by Elizabeth Royte, via OnEarth.org
As an eager consumer, and sometime producer, of garbage-related writing, I was thrilled to be invited to provide a blurb for Robin Nagle’s recently released Picking Up: On the Streets and Behind the Trucks with the Sanitation Workers of New York City. Plunging into the book with the zeal of a dumpster diver, I emerged utterly charmed by Nagle’s precise and often hilarious descriptions of how people function—or not—within the largest municipal garbage operation in the world. Nagle is an anthropologist (she teaches at New York University) interested in how people perceive sanitation workers and how those workers perceive themselves. In her first chapter, though, she takes a pot shot at recycling that’s hard to ignore.
Municipal recycling programs, she writes, “don’t do squat for environmental health. Yet curbside recycling . . . receives real resources and support while other, less obvious, more complicated choices that have the potential to make a real difference, like a more politically engaged citizenry and government incentives against various forms of large-scale pollution, are largely unmarked and so are ignored.”
Imagining howls from tree huggers armed with statistics on how recycling cuts energy use and reduces air and water pollution, I pressed the author, whom I had met nearly a decade earlier while researching my own garbage book, to elaborate.
“I believe curbside recycling is important,” Nagle told me, speaking with deliberation. “I believe that the behavior and attitudes and consciousness, the change and awareness that it helps bring about, is a crucial start. My criticism is that recycling is often not a start but an end point, and the conversation needs to move to a broader horizon that includes industrial and agricultural and manufacturing forms of waste that stand behind the products that we discard and put on the curb for collection.” Municipal waste, which ends up in landfills and incinerators, accounts for just 3 percent of the nation’s overall waste stream. The other 97 percent is generated upstream, remains largely invisible to us, and consists of materials such as mine tailings, manufacturing scraps, and wastes buried on factory property.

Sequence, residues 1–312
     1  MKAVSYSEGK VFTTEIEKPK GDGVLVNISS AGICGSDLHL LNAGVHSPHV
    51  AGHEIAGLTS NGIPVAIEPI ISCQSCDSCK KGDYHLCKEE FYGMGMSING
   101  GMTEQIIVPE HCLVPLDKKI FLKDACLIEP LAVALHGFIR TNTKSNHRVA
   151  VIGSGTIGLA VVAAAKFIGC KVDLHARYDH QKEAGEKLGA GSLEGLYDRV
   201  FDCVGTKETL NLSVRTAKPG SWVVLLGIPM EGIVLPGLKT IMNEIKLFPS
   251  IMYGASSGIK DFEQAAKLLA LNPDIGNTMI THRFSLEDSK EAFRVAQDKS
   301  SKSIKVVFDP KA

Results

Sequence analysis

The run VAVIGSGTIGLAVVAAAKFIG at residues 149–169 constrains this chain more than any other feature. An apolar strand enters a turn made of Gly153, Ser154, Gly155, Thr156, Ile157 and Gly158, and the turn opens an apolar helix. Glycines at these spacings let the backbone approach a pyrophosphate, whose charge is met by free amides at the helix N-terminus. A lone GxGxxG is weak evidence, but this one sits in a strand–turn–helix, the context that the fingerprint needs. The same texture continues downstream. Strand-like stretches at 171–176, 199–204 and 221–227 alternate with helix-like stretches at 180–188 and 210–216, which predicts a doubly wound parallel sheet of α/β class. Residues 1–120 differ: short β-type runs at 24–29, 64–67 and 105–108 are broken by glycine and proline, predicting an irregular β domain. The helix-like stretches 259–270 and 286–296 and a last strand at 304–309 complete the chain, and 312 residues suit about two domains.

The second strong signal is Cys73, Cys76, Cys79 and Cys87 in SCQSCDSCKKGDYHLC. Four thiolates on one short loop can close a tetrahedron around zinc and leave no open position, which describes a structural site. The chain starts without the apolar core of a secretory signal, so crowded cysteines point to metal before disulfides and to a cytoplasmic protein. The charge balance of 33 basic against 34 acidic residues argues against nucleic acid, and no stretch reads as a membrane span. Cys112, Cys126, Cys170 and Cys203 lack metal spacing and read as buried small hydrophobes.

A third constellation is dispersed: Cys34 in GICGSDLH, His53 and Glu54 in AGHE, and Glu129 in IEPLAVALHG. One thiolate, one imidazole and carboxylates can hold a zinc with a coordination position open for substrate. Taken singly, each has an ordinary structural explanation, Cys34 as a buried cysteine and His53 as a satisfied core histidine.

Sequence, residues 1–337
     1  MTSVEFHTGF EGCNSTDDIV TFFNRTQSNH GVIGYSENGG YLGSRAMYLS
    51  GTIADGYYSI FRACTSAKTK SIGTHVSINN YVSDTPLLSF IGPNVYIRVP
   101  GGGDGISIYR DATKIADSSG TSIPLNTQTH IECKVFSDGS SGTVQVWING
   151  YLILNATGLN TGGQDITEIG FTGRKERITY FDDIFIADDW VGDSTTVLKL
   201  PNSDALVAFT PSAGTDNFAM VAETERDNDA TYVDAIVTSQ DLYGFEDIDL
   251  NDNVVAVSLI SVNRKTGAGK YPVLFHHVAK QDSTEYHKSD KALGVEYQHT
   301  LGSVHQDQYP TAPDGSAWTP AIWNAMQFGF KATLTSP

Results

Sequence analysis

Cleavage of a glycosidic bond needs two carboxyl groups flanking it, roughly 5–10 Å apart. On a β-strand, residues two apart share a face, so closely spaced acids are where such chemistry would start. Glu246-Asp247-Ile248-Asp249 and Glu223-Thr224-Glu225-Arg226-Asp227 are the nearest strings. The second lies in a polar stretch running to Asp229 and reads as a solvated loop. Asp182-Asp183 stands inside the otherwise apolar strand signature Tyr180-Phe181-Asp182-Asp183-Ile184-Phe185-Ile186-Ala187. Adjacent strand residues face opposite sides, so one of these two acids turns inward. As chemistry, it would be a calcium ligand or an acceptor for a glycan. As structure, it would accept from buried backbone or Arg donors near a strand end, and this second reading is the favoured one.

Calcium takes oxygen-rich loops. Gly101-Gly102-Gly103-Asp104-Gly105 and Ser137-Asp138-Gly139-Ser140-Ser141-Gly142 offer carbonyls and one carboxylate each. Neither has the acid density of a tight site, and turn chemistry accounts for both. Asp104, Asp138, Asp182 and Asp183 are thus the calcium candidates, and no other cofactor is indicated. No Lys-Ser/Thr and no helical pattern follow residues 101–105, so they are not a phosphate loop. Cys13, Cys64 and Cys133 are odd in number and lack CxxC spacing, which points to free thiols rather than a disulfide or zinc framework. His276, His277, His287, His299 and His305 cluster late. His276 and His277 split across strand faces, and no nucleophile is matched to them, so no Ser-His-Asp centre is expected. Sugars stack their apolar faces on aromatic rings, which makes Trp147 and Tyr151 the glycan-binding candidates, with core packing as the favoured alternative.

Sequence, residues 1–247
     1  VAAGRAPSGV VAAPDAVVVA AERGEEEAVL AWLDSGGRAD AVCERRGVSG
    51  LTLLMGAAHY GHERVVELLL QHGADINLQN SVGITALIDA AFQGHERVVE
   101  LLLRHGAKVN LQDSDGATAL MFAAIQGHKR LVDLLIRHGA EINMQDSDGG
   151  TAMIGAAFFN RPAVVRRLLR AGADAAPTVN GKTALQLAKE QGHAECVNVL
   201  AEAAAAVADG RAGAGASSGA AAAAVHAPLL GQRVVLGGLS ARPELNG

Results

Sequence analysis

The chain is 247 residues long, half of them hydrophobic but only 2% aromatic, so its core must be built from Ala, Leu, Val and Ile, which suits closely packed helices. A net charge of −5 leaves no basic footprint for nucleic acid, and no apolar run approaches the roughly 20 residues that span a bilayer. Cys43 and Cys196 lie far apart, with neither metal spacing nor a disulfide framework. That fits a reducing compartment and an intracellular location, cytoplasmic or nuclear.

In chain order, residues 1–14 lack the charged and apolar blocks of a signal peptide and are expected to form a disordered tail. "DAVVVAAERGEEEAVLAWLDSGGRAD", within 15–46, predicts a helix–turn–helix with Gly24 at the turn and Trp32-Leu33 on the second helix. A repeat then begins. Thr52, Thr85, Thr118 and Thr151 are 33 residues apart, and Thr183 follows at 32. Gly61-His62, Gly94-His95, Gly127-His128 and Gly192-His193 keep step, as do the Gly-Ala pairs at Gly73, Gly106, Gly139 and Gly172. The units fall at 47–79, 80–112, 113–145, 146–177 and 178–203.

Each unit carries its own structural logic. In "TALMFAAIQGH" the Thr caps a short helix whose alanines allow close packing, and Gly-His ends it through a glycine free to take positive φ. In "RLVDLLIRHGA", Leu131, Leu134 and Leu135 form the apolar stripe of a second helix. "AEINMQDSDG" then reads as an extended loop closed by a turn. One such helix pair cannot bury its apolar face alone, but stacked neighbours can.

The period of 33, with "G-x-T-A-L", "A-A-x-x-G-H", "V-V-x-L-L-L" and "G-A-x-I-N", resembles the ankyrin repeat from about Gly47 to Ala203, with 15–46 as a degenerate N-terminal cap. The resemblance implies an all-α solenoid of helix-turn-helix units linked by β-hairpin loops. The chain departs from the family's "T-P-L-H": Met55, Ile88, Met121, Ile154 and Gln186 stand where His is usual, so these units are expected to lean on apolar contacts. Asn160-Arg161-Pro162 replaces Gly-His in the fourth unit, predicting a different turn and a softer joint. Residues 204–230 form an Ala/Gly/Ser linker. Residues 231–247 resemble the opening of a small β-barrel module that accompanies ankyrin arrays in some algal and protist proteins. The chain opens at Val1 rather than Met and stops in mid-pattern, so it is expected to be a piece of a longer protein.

Not surprisingly, public-education campaigns focus on individual actions: don’t litter, recycle your cans, buy goods with recycled content, etc. “But the source of the much bigger crisis isn’t in the hands of any individual,” Nagle continued. “So as long as curbside recycling gets a disproportionate amount of attention and resources, we’re missing a really important piece of the picture. Even if we recycle perfectly, even if we were to divert all of our municipal waste to recycling, what about the 97 percent still out there?”
Nagle has a point, but recycling 100 percent of our municipal waste (however theoretical that is; the national recycling rate lingers at around 34 percent) is nothing to sneeze at. We would mine, harvest, and transport fewer raw materials (as we make new goods from old), thus generating fewer greenhouse gases and other pollutants. And we would generate less methane in landfills if we recycled or composted, instead of buried, paper and paperboard (which make up 28.5 percent of the municipal waste stream). More to Nagle’s point: cut production of new goods and we reduce the volume of those mine tailings and factory scraps.